Documentary is a self-examination of Korea’s stifling movie industry
In “Ari Ari the Korean Cinema,” there are no heroes, lovers or bad guys, no fights or car chases.
The debut documentary film by Heo Chul features more than a hundred respected film professionals talking about themselves and the industry they love.
There are directors Park Chan-wook of “Oldboy,” Bong Joon-ho of “The Host” and Kim Ji-woon of “The Chaser,” along with veteran actors Ahn Sung-ki, Park Joong-hoon and Kim Hye-soo.
These industry luminaries candidly discuss the challenges facing the Korean movie industry: big conglomerates’ tight grip on investment and distribution and the discrepancy between corporate-backed films and independent art-house movies. Such issues are prompting unprecedented soul-searching in an industry that drew more than 100 million viewers this year for the first time.
In the documentary, actress Yoon Jin-seo and director Chung Ji-young set out to interview industry people and the conversation often takes place in a casual manner over drinking or coffee.
Heo is no stranger to analysis and observation, having studied art and communication in the United States. He holds a master’s degree from Brooklyn College and a Ph.D. from the University of Iowa.
“In New York, there is at least some people and places that would invest in small independent films and put them on screens. But in Korea, the chance of that happening is slim,” Heo said during a press conference on Wednesday. “Ari Ari the Korean Cinema” is scheduled to be released Dec. 6.
When he returned to Korea, Heo saw directors and actors struggling in a system controlled by some big players, and he was inspired to make a documentary feature concerning issues looming over the Korean movie scene.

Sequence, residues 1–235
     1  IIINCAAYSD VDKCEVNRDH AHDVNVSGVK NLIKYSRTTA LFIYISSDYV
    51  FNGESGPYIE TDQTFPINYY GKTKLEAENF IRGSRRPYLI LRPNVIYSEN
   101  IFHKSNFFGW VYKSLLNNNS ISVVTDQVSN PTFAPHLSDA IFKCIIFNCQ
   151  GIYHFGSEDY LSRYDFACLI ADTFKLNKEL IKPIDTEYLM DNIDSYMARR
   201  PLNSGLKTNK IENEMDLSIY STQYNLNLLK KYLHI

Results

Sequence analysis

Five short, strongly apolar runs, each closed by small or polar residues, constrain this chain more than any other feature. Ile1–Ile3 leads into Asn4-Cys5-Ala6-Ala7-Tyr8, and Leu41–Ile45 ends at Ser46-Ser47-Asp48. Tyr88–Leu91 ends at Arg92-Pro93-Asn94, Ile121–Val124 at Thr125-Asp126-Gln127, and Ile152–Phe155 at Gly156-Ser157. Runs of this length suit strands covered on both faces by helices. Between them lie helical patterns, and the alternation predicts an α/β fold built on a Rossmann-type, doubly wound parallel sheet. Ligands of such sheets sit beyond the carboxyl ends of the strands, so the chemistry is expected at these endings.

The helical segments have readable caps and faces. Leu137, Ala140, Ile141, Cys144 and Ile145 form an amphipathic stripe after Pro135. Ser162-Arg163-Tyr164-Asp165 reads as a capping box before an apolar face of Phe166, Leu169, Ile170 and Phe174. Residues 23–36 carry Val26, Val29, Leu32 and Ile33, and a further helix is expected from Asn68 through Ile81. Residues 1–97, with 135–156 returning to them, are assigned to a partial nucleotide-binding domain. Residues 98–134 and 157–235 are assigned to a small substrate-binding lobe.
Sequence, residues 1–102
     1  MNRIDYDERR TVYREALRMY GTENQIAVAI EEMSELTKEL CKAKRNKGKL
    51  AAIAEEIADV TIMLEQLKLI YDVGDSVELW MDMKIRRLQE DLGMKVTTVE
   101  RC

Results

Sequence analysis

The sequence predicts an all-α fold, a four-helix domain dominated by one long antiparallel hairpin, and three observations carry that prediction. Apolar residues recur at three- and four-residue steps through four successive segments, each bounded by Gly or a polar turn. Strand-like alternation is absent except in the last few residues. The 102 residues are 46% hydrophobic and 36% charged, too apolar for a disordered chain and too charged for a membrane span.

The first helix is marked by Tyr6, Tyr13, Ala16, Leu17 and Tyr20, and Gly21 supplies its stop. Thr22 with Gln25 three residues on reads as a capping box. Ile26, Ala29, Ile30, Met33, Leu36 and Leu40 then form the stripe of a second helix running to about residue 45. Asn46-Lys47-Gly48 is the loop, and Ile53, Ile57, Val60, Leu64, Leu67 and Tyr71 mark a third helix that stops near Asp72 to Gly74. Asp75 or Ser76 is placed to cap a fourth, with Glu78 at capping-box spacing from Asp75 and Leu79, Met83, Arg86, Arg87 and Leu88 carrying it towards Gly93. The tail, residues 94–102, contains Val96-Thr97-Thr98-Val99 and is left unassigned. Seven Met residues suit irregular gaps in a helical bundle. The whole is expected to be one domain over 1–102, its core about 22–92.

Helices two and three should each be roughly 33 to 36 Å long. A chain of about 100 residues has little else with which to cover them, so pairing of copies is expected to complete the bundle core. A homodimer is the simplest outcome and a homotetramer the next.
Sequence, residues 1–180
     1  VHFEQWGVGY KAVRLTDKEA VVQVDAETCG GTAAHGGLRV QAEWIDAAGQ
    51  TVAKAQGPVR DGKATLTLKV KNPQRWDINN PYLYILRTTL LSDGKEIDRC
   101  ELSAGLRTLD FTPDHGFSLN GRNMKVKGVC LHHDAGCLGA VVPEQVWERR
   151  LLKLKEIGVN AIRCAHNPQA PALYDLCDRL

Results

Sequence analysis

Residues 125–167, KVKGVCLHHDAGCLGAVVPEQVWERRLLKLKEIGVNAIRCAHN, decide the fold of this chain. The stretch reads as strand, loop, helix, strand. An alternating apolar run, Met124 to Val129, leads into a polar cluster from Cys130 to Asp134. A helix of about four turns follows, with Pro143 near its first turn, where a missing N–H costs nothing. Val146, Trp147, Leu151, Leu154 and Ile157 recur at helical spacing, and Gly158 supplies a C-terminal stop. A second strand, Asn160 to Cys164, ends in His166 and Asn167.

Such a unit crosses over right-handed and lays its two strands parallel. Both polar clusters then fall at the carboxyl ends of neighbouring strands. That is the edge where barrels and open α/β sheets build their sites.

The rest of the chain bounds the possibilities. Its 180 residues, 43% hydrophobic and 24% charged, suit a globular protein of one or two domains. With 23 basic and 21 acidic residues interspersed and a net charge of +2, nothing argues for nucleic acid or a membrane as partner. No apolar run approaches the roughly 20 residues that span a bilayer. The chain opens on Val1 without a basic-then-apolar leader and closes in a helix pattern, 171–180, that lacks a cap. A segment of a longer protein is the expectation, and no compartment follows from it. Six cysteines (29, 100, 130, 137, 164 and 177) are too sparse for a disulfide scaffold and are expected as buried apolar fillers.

“When I came to Korea, I met director Chung, who had not produced a movie for 13 years, and actress Yoon, who was dogged by a fear of an uncertain future,” he said.
Chung Ji-young, who directed “Unbowed” and “Namyeong-dong 1985,” movies with strong social commentary, expressed concern for the growing influence of a small cadre of big corporate players.
“There is virtually no place or money for low-budget art movies,” said the 66-year-old director. “We need to change the existing system where conglomerates control the entire process - from investment and distribution to screening.
“If we just let the film industry operate according to the free market system, it will be less diverse and threaten integrity. We need to come up with a policy that can support so-called small movies.”
To its credit, the upcoming documentary goes beyond chaebol bashing in an attempt to get at the heart of the problem.
In one scene, a director recalls when he had to “deliver a presentation” on his movie to corporate chiefs in charge of investment.
“Ari Ari the Korean Cinema” also looks back at the history of Korean cinema. While a majority of people today may equate the domestic movie industry with a handful of hits such as “Oldboy” and Kang Je-gyu’s “Shiri,” many insiders trace the roots of Korean film to the 1960s, which the documentary describes as “the Golden Age.”
A dark era was the 1970s and 1980s, when movies were made under strict censorship by the military authoritarian regimes of Park Chung Hee and Chun Doo Hwan.
The documentary also examines films of the 1990s, in particular, those made under the civilian administration of Kim Young-sam.
“Ari Ari the Korean Cinema” also provides commentary by independent movie makers and the challenges and obstacles they face under the current system.
Overall, the film explores the gradual transformation from a small, family-like film industry into an entertainment business dominated by corporate behemoths.
Despite what must be considered a pessimistic portrayal of the current state of Korean cinema, the documentary ends with a positive outlook. “Korean-style passion and madness” will keep the Korean film industry alive, seems to be the consensus.
“I think that both director Chung and I hold out hope,” said Heo.
“Chung managed to produce his movie ‘Unbowed’ after 13 years and it was well received. It’s kind of a glimmer of hope.”
By Park Eun-jee [firstname.lastname@example.org]
More in Arts & Design
Solo shows, photography exhibitions, art displays and the best of the rest in 2021
Renowned Korean artist Kim Tschang-yeul dies aged 91
D Museum to relocate from Hannam-dong to Seongsu-dong